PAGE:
To close out 2015, VideoInk is calling on some of the top execs in the online video business to give us their take on the industry’s most significant developments in the past year, and where it might be going in 2016.
Today, it’s Chad Gutstein, CEO of Machinima.
Machinima calls itself “the first global many2many programming service focused on fandom and gamer culture.” In September, the Warner Bros.-backed multi-platform production company and multi-channel network launched Machinima Studios, with ambitious plans to ramp up its production of original content from 250 hours a year to more than 600. It will be distributed across a variety of platforms, old and new, from the new mobile-first video hubs Verizon’s Go90 and Comcast’s Watchable to graphic novels with integrated video content, via a partnership with 451 Media Group, the entertainment studio run by director Michael Bay (“Transformers”).
What was the most important trend in the online video industry in 2015?
The evolution of multi-platform distribution opportunities for digital video producers and the rise of social video platform competitors to YouTube.
What single deal, launch or failure in 2015 was the biggest game-changer for the industry?
Facebook launching native video uploads.
What surprised you the most in terms of hits or misses?
Hits: How quickly new premium platform entrants like Vessel and Go90 were to hit the market.
Misses: YouTube monetization eroded much faster than expected.
What’s the most common mistake you saw this year in the biz, whether it was made by studios or individuals?
Our industry is changing so quickly, the only “mistake” would be not focusing your organization on the opportunities that matter. With an influx of new platforms, significant changes with revenue distribution on existing platforms, a significant increase in the amount and quality of programming being created, and an exponentially increasing number of eyeballs watching the content, we are still in the early innings of this game and need to keep absorbing the lessons that our audiences are teaching us.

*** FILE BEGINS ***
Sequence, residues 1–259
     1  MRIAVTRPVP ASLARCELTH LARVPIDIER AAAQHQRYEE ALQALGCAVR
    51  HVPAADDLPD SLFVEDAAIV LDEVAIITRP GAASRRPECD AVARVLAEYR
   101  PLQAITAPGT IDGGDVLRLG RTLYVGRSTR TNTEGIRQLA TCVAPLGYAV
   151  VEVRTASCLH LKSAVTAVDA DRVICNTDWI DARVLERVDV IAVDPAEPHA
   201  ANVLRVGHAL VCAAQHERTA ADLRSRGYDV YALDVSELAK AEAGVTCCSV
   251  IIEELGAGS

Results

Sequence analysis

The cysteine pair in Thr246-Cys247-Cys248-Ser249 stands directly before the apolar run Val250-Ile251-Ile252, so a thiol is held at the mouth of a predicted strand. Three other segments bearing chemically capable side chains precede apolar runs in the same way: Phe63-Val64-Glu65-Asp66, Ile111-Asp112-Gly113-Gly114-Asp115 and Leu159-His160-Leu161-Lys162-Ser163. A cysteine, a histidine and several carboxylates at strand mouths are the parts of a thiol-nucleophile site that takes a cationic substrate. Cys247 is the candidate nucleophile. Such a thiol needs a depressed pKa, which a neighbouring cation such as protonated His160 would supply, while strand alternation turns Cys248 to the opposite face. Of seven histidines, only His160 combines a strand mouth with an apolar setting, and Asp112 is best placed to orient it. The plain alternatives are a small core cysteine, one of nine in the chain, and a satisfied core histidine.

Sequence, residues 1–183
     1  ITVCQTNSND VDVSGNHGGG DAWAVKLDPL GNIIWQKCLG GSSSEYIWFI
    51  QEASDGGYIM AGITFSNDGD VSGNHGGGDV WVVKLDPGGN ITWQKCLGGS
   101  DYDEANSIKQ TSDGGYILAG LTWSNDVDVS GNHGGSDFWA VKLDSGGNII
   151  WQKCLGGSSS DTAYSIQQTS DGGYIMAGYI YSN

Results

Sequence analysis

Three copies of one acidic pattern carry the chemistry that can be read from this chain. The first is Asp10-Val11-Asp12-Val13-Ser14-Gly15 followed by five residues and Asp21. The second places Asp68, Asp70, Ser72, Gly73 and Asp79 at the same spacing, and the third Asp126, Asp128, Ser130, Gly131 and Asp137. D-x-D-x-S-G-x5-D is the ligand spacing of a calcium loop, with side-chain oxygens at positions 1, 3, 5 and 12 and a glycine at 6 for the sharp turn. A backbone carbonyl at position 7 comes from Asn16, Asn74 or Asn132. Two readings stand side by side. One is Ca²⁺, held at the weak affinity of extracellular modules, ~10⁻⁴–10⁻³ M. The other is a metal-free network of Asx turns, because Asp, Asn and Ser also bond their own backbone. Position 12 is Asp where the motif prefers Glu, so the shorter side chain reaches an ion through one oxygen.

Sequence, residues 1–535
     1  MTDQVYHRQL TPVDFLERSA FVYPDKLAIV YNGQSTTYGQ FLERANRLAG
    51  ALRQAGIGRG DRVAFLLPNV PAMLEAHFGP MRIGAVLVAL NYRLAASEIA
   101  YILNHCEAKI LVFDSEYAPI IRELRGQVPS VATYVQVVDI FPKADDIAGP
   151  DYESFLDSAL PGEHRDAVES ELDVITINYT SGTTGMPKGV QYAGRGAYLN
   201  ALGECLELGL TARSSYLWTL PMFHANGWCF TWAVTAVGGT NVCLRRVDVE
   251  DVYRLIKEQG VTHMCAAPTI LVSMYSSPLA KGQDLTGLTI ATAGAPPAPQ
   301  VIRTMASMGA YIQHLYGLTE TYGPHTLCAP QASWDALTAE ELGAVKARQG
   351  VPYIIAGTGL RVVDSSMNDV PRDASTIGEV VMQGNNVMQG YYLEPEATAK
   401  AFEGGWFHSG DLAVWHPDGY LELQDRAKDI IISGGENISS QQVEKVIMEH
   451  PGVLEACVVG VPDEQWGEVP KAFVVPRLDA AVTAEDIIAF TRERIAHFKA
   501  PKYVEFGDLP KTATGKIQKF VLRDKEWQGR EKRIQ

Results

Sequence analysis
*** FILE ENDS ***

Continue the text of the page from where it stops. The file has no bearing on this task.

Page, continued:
Is there a sector of the streaming industry that you feel is chronically undervalued or ignored?
Content-based marketing solutions are still not understood as well as they can be by marketers and agencies. Buyers tend to treat native video like media, which is to say like a commodity where only the lowest price matters. Content-based solutions are a combination of native ad creative and audience delivery, and all executions are therefore unique. The producer matters. The talent matters. The context and platform matters. When it is done well, the results are much stronger than yet another media impression from a 15-second or 30-second spot.
Virtual reality/360-degree video — fad or future? Why?
VR/AR is the future and 360-degree video is a rest stop on the way. By Holiday 2017, VR capable smartphones will have critical mass, offering scale platforms for content producers. Consumers will be willing to pay for these experiences, either a la carte or through subscriptions to existing SVOD services (pornography is already, once again, leading the way here). VR/AR also has applications that go well beyond entertainment (medical, industrial, scientific, communication), which will help drive it’s adoption. But, at the core, once you experience VR, you know exactly why it will be so big.
Mobile-first distribution — overhyped or undervalued? Why?
Undervalued. The data speaks for itself; the vast majority of video content is now being viewed on a mobile device. This is overwhelmingly and especially true for younger audiences.
What do you think will be the big story for the streaming space in 2016?